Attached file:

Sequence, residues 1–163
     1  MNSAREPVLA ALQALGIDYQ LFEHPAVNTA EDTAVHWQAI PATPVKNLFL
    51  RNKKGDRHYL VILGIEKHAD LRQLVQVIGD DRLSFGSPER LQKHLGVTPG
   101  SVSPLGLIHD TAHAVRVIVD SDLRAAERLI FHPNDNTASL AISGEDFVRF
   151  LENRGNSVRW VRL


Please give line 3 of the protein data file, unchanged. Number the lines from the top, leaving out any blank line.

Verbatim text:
    51  RNKKGDRHYL VILGIEKHAD LRQLVQVIGD DRLSFGSPER LQKHLGVTPG